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Victor Coleman (1944-       )

Victor Coleman was born in Toronto on September 11, 1944. He grew up in downtown and suburban Toronto, with about three years in early adolescence spent in suburban Montreal, after which he returned to the Toronto Islands, where he had already spent all his summers except his first, and would live there, on and off, for twenty years. His fledgling interest in writing poetry was encouraged by two other Toronto Islanders, Milton Acorn and Gwendolyn MacEwen, when he was only 15. He dropped out of high school in 1961 to start a family and worked initially for Ken Thomson, then as a copy boy at The Toronto Star, where he made contact with some of the legendary old-time journalists of the day, most notably drama critic Nathan Cohen. Near the end of Coleman's tenure at The Star he met Toronto poet Raymond Souster, from whom he was soliciting advice in the publication of his proposed literary journal Island. Souster put him in touch with a number of English and American poets and Coleman published the journal's first issue in September of 1964.

In 1965 Coleman began working for William Toye at Oxford University Press, eventually becoming Assistant Production Manager. The Souster connections encouraged Coleman to make forays into the US to meet some of these poets, and he began to frequently visit Buffalo, N.Y., Detroit, Mich., New York City, and Annandale-on-Hudson, N.Y. on weekends. Also during this time he was introduced to Stan Bevington, and began to frequent Bevington's Coach House Printing shop. It soon became clear to Coleman that a career in mainstream publishing might not be quite what his ambitions reflected. He quit his job at Oxford to become a kind of apprentice to Bevington, who taught him how to operate a linotype machine, and encouraged him to exercise his editorial acumen in the first productions of The Coach House Press. Coleman would go on to become the press's senior editor and production manager for the next ten years. During this period he published books with Coach House, Talon, Weed/flower, Imago, and Intrepid Press.

Coleman left Coach House in the Fall of 1975 to become Artistic Director of A Space, Toronto's first true artist-run centre, which he ran agressively for four years, programming visual art, poetry readings, dance, performance art, video art, and an important series of 'loft' concerts by some of the most important jazz musicians working mostly in the free improvisation mode. During his tenure he assisted in the founding of ANNPAC (the Association of National Non-Profit Artist-run Centres). He moved to Kingston, ON, in 1980 to become Director of Queen's University's campus cinema and to teach in the Film Studies program. Shortly thereafter he was appointed Queen's first Creative Writing instructor, a position which he maintained for three years, after which he returned to Toronto to be a programmer/publicist for The Music Gallery.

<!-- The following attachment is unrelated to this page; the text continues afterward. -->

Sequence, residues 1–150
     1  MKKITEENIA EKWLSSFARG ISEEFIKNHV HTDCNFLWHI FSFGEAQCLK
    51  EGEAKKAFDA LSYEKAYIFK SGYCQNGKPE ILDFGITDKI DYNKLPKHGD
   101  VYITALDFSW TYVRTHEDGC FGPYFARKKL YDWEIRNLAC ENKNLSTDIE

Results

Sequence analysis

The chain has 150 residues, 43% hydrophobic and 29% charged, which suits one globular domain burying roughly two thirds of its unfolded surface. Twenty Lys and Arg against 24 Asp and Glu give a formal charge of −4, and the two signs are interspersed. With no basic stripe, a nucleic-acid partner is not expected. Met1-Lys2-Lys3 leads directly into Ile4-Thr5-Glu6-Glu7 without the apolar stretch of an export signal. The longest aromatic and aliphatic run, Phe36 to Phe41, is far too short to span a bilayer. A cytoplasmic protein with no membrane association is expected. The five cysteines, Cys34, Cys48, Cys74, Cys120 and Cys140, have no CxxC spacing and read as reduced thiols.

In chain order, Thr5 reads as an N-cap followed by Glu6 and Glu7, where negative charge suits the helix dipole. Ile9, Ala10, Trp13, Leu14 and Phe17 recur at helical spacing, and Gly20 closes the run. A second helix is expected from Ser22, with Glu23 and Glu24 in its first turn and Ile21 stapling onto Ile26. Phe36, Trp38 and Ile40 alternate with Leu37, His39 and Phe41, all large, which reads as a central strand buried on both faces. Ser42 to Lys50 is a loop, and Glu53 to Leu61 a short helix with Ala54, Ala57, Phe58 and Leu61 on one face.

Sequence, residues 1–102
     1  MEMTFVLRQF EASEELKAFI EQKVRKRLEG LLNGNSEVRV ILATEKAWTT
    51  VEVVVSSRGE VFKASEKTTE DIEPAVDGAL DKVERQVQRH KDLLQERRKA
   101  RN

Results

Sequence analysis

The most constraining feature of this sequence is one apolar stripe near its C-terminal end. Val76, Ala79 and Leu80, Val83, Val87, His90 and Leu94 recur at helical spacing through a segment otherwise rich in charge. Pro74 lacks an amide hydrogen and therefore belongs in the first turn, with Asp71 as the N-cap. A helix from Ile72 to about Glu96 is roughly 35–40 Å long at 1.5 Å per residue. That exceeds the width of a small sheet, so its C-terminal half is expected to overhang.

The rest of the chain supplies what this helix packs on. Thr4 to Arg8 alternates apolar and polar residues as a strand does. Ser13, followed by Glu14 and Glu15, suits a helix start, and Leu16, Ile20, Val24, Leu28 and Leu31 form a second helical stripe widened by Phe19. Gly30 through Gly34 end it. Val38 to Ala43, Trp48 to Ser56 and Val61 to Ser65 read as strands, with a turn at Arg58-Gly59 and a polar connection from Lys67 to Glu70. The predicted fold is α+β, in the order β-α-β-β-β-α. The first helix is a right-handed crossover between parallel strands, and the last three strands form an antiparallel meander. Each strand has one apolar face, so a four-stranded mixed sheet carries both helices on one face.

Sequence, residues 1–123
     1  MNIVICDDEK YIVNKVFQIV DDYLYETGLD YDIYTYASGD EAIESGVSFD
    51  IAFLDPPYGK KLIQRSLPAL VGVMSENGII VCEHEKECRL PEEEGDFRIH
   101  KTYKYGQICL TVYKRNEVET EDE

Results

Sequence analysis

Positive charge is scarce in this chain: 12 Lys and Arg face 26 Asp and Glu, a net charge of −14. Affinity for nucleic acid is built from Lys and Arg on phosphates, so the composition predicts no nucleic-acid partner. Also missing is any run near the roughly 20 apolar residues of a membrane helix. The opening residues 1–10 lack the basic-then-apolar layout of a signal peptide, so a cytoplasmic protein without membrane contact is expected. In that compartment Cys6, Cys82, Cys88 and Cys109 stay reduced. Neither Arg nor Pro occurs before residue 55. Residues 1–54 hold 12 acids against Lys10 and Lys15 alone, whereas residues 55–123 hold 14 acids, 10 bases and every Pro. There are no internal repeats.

Coleman taught Creative Writing off and on at York University throughout the 1970s and 1980s. And in the late 1980s and early 1990s he taught The Dream Class in Toronto's Secondary Board of Education Schools. After selling his literary papers to the National Library in 1991, Coleman moved to British Columbia, first to the Sunshine Coast, then Vancouver proper, where he remained until 1995. After returning to Toronto he worked freelance out of an office space provided by Stan Bevington, who was then exclusively operating his Coach House Printing business on the recently named bpNichol Lane, having become estranged from The Coach House Press publishing company after radical changes in the imprimatur's direction. Coach House Press suddenly went out of business in the summer of 1995 and Coleman and Bevington put their heads together to come up with Coach House Books, a publisher that would simultaneously provide print versions and full-text-online versions on the web site:, the first of its kind in the world. Coleman acted as Editorial Consultant to chbooks until 2001, when he became Editorial Director for the Centre for Contemporary Canadian Art, a web site devoted to the promotion of Canadian artists and a history of Canadian art.

Coleman's publications include: From Erik Satie's notes to the music (1965, reprinted by Letters in 1989); one/eye/love (Coach House Press 1967); Light Verse(CHP 1969); Old friends' ghosts [early poems] (Weed/flower 1970); Back east (Imago 15, 1971); Some plays: on words (Intrepid 1971); America (CHP 1972); Parking lots (Talonbooks 1972); Strange Love (1972); Stranger (CHP 1974); Speech sucks (Talonbooks 1974); Terrific at both ends (CHP 1978); Captions for the deaf (Rumour Publications 1979); From the dark wood (Underwhich Editions 1985); Corrections (CHP 1985); Kenkyusha (Letters 1989); Nothing heavy or fragile(The Pink Dog Press 1990); Honeymoon Suite (Underwhich 1990); Waiting for Alice (Eternal Network 1993); The day they stole the Coach House Press (Eternal Network 1994); ICON TACT (Eternal Network 1995); Letter drop (Coach House Books 2000); ICON TACT [poems 1985-94] InstaBook 2002); Mi sing [Letter drop II] (CCCA 2002).